We are disappointed, however, that under Universal Credit, claimants will only be able to receive either the Limited Capability for Work (LCW)/Limited Capability for Work-Related Activity (LCWRA) element or the carer element which is overly restrictive. This means that claimants will either not be entitled to recognition of their disability or of their caring responsibilities. The fact that a claimant has LCW or LCWRA does not necessarily preclude their regular and substantial caring responsibilities. In fact, analysis of the 2001 census shows that people caring 50 or more hours per week in Northern Ireland are twice as likely to suffer from poor health as non-carers (20% against 9%). In addition, those providing 50 hours or more care per week are more than twice as likely to be “permanently sick or disabled” as those not caring (11% against 5%).

In particular, carer’s incomes could be significantly affected by the carer/LCW elements being exclusive and the loss of the severe disability premium which will not be replicated in Universal Credit

Self Employed

The monthly reporting requirement of income and expenditure is unnecessarily onerous and does not recognize the way many small self employed businesses work. As the Minimum Income Floor will be introduced after 12 months and the Start Up period can only be availed of once, these too will also create undue barriers to pursuing self employment as many small businesses take more than 12 months to become fully viable. Moreover, an initial business failure should not automatically preclude a grace period before the MIF applies again.

Young People

The NI Welfare Reform Group welcomes the inclusion of young people who are estranged from their parents as a group entitled to Universal Credit. As a vulnerable group the provision of support is vital to ensure their transition into adulthood.

We are concerned, however, that clarification is required about the conditionality and sanctions that will be applied to these groups of 16 and 17 year olds. Under the current Income Support rules young people are required to do 12 hours per week of further education but there is no detail in the explanatory notes of what it will be under Universal Credit. We would welcome further clarification on this matter.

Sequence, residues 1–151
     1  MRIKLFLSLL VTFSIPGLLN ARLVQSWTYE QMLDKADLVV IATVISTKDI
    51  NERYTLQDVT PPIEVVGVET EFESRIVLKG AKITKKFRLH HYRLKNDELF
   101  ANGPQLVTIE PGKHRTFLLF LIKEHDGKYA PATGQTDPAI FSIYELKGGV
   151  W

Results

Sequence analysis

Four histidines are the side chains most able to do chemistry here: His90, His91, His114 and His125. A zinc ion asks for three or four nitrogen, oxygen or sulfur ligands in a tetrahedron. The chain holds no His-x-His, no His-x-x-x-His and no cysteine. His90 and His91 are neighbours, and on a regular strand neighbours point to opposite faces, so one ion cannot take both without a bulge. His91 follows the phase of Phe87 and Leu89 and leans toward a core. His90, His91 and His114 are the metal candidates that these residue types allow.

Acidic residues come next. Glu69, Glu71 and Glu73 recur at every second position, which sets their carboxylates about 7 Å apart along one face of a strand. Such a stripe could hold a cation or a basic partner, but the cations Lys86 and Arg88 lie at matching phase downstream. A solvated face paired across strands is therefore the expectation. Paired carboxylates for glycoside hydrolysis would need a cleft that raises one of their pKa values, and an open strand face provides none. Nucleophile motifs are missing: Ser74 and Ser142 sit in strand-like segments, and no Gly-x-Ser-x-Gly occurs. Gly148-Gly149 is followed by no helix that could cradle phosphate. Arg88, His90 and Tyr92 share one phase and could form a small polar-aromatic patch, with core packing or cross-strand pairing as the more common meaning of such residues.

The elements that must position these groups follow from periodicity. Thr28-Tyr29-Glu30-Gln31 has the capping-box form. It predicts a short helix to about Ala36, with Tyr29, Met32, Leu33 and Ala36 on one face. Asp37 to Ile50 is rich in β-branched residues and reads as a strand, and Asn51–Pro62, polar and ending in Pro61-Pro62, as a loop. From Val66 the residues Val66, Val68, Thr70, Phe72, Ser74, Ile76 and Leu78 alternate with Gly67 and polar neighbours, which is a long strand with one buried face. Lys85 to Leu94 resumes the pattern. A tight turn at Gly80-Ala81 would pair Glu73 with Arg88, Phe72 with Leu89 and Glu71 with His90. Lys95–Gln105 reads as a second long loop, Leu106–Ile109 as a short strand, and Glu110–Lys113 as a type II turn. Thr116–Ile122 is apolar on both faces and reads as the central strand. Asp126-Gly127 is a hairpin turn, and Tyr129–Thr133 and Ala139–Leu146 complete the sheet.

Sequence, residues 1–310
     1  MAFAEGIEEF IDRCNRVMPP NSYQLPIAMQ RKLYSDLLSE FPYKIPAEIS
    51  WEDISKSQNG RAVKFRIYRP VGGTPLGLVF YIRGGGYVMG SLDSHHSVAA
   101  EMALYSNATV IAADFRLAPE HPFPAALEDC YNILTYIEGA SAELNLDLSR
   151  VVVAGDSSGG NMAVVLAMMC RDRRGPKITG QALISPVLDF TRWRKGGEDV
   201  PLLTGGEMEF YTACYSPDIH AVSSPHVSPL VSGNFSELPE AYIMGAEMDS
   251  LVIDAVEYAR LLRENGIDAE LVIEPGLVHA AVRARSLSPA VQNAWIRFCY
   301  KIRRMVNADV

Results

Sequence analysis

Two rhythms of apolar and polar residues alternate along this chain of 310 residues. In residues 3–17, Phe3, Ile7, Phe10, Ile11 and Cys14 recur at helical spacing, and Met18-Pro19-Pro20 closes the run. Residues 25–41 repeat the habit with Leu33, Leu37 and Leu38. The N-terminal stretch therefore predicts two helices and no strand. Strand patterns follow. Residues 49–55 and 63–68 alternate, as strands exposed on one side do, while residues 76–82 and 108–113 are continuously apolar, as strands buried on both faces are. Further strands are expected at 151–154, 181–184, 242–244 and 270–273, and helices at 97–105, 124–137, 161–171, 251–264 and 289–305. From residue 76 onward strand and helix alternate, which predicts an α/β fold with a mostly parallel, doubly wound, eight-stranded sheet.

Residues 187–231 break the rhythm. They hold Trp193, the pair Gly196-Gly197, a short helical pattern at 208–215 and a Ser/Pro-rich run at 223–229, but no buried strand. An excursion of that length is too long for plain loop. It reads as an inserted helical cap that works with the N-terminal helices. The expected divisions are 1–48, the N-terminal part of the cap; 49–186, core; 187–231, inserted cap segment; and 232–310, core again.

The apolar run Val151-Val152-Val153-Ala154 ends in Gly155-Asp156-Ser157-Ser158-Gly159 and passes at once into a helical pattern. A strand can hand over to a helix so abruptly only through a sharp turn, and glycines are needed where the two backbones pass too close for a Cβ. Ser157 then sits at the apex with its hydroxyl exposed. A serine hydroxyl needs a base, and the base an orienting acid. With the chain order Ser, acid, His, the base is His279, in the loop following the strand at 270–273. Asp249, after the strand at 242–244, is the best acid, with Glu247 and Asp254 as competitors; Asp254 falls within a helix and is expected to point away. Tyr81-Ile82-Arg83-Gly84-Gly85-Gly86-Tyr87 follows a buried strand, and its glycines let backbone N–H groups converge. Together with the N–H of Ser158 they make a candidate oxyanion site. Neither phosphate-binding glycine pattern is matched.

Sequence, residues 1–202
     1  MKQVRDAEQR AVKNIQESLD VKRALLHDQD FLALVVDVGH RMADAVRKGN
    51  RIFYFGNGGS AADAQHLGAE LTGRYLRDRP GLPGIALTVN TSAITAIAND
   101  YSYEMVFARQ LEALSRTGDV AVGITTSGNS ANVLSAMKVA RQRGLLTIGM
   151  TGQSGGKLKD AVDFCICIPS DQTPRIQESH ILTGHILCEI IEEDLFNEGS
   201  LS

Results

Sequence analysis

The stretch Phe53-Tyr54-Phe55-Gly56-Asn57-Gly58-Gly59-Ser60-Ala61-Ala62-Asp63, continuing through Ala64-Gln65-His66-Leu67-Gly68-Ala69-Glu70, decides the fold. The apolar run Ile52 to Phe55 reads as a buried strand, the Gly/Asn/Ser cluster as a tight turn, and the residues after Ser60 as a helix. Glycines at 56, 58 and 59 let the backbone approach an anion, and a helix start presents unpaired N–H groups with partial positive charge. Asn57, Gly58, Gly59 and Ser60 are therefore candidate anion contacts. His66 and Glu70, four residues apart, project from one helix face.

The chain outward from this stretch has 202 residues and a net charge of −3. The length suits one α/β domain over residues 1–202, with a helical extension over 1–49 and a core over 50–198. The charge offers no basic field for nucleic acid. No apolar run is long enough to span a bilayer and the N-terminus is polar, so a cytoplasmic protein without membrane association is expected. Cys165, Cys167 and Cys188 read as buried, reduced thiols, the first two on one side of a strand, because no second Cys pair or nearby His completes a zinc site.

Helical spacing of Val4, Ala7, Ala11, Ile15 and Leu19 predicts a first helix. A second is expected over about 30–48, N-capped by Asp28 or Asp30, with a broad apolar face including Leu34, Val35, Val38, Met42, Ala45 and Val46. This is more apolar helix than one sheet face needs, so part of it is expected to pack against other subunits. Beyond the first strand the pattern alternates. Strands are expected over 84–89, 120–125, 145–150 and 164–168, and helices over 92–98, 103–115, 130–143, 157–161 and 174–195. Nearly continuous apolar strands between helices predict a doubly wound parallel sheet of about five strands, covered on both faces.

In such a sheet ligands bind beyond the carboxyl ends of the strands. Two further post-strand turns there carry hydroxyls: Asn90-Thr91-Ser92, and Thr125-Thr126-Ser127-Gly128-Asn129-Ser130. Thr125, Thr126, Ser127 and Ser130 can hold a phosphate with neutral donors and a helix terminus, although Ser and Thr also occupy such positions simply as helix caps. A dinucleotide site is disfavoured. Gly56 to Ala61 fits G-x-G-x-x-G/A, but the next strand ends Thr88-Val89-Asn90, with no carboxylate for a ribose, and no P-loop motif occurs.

Impact Monitoring

We believe that the rights of children have been overlooked and will be severely compromised by the provision of the Welfare Reform Act 2012. It is estimated that there will be a substantial increase in the number of vulnerable families with children between 2010 and 2015 as a result of the changes in tax and benefits, spending cuts and the ongoing effects of the economic downturn. Research estimates that the incidence of several vulnerabilities will increase by 120,000 more worklessness families, 100,000 more families living on a low income, 25,000 more families in material deprivation and 40,000 more families living in poor quality or overcrowded housing.11 Furthermore, in a recent report by the Northern Ireland Children Commissioner, it was predicted that at least 6,500 children in Northern Ireland alone would be affected by the benefit cap.12


The NI Welfare Reform Group welcomes the opportunity to respond to this consultation. We trust you will find our comments helpful. If there is any further way in which we could contribute to this process we would welcome the opportunity to do so.

23 August 2012

1 See


3 Internet Access Quarterly Update 2011, Q1, Office for National Statistics, May 2011

4 Warburton Brown (2011), Should Mum Get the Credit?, available at

5 See for example, Goode, J, Callender, C and Lister R (1998), Purse or Wallet? Gender inequalities and income distribution within families on benefits, London : Policy Studies Institute

6 Mike Brewer, James Browne & Wenchao Jin., Universal Credit: A Preliminary Analysis, Institute for Fiscal Studies

7 Joint Briefing: Report and Third Reading of the Welfare Reform Bill June 2011. Available at

8 Counting the Cost, The Financial Reality for families with disabled children in Northern Ireland, Contact A Family, 2012

9 The Consumer Council for Northern Ireland (2007): Managing Money—How Does Northern Ireland add up:

10 Centre for Economic and Social Inclusion, A new employment programme for Northern Ireland—Feasibility study.

11 Howard Reed, In the Eye of the Storm: Britain’s forgotten Children and Families, a research Report for Action for Children, The Children’s Society and NSPCC, pg 9

12 Northern Ireland Children’s Commissioner, Goreitti Horgan and Marina Monleith, A Childs Rights Impact Assessment of the Impact of Welfare Reform on Children in Northern Ireland. Please see

Prepared 21st November 2012